• $\begingroup$ AES256 was weaker because of the modified key schedule to take 256-bit keys, not the number of rounds. Rijndael with a 128-bit key and 14 rounds (instead of 10) would not be vulnerable, because the key schedule can generate up to 256 round keys. But even if you modified an arbitrary cipher to use an extra round, and even if that round reused the previous round key (which isn't a good idea), it wouldn't be weaker, would it? $\endgroup$
    – forest
    Commented May 8, 2019 at 3:04

To answer your first question on key length: DES uses a 56 bit key. A brute-force attack will need a maximum complexity of $2^{56}$ to find the correct key. Now by today's standards this is not much. A complexity of $2^{90}$ or more is considered secure enough. By that standard AES with any key size – 128, 192 or 256 – is strong enough to use. As far as their relative security is concerned, read this post. In this post Bruce Schneier advises to use AES-128 over AES-256.

For your second question: AES, DES or any other good encryption algorithm is basically a PRF (Pseudo Random Function). The property of a good PRF is that one should not be able to distinguish between a PRF and a TRF (Truly Random Function) by just observing their outputs.

So, if one is able to observe the ciphertext and tell whether it came from AES or DES then it completely defeats the purpose. One should not be even able to tell whether the ciphertext was generated from a PRF (like AES) or a TRF, let alone identifying the type of PRF.

  • $\begingroup$ Welcome to Cryptography Stack Exchange. We have some TeX formatting here for formulas, which is available by adding $ around the formula. I edited your post to add this to the complexities. $\endgroup$ Commented Aug 24, 2012 at 19:11

A longer key length means a greater search space for someone trying to brute force the key. There are $2^{128}$ times more 256-bit keys than 128-bit keys. So, all other things being equal, a brute force search for a 256-bit key could be impractical by a factor of billions in a case where a brute force search for a 128-bit key might be practical.

However, all other things are rarely equal. And they are unequal for AES. 256-bit AES has key schedule vulnerabilities that 128-bit AES does not have. As a result, many (including myself) believe that there is no reason to think 256-bit AES is any stronger than 128-bit AES.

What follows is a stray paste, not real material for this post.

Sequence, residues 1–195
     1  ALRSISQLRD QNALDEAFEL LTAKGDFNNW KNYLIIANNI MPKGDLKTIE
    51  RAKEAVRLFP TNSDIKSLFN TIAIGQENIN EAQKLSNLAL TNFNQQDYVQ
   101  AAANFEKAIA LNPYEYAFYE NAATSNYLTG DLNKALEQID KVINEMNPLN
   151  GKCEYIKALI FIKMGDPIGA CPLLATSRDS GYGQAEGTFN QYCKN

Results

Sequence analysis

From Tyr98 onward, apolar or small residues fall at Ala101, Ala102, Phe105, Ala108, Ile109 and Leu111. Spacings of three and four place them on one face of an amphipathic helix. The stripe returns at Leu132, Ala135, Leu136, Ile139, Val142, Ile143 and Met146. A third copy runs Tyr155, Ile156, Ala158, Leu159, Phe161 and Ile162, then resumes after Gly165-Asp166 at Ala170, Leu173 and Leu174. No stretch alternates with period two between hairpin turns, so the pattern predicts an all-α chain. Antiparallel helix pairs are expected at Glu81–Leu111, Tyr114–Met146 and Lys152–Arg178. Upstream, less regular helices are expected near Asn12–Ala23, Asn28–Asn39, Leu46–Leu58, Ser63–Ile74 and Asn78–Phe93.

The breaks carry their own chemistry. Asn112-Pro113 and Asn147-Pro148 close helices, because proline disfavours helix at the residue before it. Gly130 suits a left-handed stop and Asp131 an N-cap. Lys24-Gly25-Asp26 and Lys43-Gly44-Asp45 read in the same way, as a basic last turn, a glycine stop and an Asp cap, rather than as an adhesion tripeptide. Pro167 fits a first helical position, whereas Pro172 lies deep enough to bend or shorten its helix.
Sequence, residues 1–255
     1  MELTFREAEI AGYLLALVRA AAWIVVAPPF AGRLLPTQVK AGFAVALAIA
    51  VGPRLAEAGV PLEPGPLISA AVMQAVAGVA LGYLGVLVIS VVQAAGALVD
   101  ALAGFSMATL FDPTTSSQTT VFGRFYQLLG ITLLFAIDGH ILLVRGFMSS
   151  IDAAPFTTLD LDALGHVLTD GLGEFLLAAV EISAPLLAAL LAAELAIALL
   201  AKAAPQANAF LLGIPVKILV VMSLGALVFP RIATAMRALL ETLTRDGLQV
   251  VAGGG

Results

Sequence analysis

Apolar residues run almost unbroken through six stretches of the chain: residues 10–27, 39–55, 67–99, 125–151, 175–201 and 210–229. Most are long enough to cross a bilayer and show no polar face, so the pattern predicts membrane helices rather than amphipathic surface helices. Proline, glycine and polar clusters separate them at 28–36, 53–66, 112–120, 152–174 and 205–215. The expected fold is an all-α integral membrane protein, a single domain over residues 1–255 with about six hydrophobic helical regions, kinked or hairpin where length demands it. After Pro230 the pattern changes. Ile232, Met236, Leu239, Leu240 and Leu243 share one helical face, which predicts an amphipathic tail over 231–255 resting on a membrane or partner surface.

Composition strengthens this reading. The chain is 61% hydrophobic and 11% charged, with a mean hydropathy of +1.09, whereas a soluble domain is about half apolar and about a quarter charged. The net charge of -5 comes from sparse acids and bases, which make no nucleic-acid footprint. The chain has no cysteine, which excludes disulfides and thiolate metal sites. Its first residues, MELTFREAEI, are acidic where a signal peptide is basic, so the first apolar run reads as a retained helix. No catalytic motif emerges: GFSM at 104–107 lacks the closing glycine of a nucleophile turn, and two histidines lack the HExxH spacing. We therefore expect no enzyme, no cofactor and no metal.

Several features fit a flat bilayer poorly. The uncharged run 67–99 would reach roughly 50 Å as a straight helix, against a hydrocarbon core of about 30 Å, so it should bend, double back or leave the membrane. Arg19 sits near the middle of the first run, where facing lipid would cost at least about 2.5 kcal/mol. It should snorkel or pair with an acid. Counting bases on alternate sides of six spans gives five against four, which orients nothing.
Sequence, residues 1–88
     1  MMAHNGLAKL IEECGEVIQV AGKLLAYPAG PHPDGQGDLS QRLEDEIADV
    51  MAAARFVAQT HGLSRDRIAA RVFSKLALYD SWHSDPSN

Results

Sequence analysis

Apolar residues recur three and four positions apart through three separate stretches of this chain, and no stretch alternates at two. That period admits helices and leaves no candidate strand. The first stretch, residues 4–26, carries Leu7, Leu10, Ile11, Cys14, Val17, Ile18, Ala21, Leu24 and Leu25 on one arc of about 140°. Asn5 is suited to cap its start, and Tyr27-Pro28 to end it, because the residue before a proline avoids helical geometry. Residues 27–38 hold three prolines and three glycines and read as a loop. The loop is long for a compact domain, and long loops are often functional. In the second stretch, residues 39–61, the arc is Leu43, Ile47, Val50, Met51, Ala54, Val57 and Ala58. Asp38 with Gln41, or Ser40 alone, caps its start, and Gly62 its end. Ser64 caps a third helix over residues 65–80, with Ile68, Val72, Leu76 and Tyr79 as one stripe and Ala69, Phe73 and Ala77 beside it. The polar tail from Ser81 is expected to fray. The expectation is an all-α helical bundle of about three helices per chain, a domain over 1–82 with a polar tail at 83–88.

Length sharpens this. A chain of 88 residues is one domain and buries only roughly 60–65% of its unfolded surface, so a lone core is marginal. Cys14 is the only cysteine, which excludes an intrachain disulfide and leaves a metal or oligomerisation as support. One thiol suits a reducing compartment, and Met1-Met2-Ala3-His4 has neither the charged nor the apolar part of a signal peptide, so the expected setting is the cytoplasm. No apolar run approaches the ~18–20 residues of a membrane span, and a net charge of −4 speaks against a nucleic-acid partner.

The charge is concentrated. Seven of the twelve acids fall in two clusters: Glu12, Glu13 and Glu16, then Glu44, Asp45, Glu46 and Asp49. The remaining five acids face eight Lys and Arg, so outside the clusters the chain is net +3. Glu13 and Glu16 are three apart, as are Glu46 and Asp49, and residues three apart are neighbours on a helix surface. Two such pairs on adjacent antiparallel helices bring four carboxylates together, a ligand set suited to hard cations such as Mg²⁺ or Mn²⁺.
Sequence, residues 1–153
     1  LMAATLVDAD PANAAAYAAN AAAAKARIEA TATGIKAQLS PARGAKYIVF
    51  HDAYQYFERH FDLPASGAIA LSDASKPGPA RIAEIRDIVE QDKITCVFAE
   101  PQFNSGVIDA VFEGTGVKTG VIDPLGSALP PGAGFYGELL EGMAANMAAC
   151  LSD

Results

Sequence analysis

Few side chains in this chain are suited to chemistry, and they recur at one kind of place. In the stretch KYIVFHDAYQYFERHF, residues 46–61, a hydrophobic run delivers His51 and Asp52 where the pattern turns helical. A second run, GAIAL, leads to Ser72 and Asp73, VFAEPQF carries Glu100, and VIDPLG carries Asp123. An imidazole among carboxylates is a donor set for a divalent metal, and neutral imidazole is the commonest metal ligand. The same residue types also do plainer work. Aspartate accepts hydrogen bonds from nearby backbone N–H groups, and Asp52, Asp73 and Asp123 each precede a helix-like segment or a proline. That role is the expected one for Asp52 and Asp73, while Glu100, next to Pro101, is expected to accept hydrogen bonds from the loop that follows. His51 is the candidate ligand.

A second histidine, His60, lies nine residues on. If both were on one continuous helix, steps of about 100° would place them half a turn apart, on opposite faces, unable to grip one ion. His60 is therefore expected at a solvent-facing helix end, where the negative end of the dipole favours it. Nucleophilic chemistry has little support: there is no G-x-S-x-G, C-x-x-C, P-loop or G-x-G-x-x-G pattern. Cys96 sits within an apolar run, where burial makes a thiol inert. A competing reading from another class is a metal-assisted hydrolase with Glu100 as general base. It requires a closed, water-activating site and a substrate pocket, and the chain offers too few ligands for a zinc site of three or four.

I should also point out that AES uses the same block size regardless of key length. However, AES uses more rounds with larger keys. 10 for 128-bit keys, 14 for 256-bit keys. Generally, more rounds would be expected to make an algorithm stronger, and this is believed to be the case for AES.

  • $\begingroup$ Is there something wrong with the blocksize being 128 bits for larger keys? $2^{256}$ different keys still represent a very tiny fraction of all possible 128-bit-wide permutations. $\endgroup$
    – sellibitze
    Commented Aug 24, 2012 at 15:19
  • $\begingroup$ @sellibitze: No, nothing wrong with it. I just point it out because many people erroneously assume that because "128-bit AES" has a 128-bit blocksize, "256-bit AES" should have a 256-bit blocksize. $\endgroup$ Commented Aug 24, 2012 at 16:37

Modern block encryption algorithms are so secure that trying to keep the choice of algorithm secret usually results in more harm than good! An encrypted message is garbage if it cannot be successfully decrypted by the recipient. And if you're going to the trouble of encrypting it, that implies it's a very important message. So it's best to make sure there is enough information in the message so the intended recipient has all the information they need to decrypt it - apart from the secret key, of course.

With modern block encryption algorithms, they are of high enough quality that there aren't known statistical tests to reveal the algorithm used. In the practical sense, however, there is sufficient data to indicate the algorithm used, such as an SSL header, PGP header, an X.509 certificate, etc. If not, there often is something else in the context in which it was found, such as a file named "Secret_Plans.DES", or examining their computer and finding a copy of AES128.EXE.

Classical enciphering algorithms, such as Vigniere, Caesar ciphers, Playfair cribs, etc., will indeed have statistical attributes that can be analyzed, and the algorithm surmised.